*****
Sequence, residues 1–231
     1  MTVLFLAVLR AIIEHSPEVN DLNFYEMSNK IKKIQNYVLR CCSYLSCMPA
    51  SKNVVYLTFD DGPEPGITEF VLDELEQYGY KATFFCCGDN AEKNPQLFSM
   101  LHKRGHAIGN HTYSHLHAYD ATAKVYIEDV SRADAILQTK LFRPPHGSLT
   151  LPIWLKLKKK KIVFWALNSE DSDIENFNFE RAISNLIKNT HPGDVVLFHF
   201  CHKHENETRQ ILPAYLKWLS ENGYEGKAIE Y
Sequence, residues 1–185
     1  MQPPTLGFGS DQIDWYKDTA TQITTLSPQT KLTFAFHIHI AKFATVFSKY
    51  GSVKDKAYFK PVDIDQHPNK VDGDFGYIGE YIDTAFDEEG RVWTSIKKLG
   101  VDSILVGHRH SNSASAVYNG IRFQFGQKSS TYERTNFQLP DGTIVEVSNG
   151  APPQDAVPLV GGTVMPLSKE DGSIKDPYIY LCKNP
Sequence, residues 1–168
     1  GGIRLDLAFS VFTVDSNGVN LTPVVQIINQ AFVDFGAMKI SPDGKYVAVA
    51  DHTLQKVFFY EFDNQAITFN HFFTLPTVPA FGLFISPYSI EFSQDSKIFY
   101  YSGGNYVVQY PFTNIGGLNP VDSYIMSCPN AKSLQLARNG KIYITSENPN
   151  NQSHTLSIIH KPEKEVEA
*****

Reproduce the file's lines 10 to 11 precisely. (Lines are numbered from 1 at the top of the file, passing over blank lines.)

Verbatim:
   101  VDSILVGHRH SNSASAVYNG IRFQFGQKSS TYERTNFQLP DGTIVEVSNG
   151  APPQDAVPLV GGTVMPLSKE DGSIKDPYIY LCKNP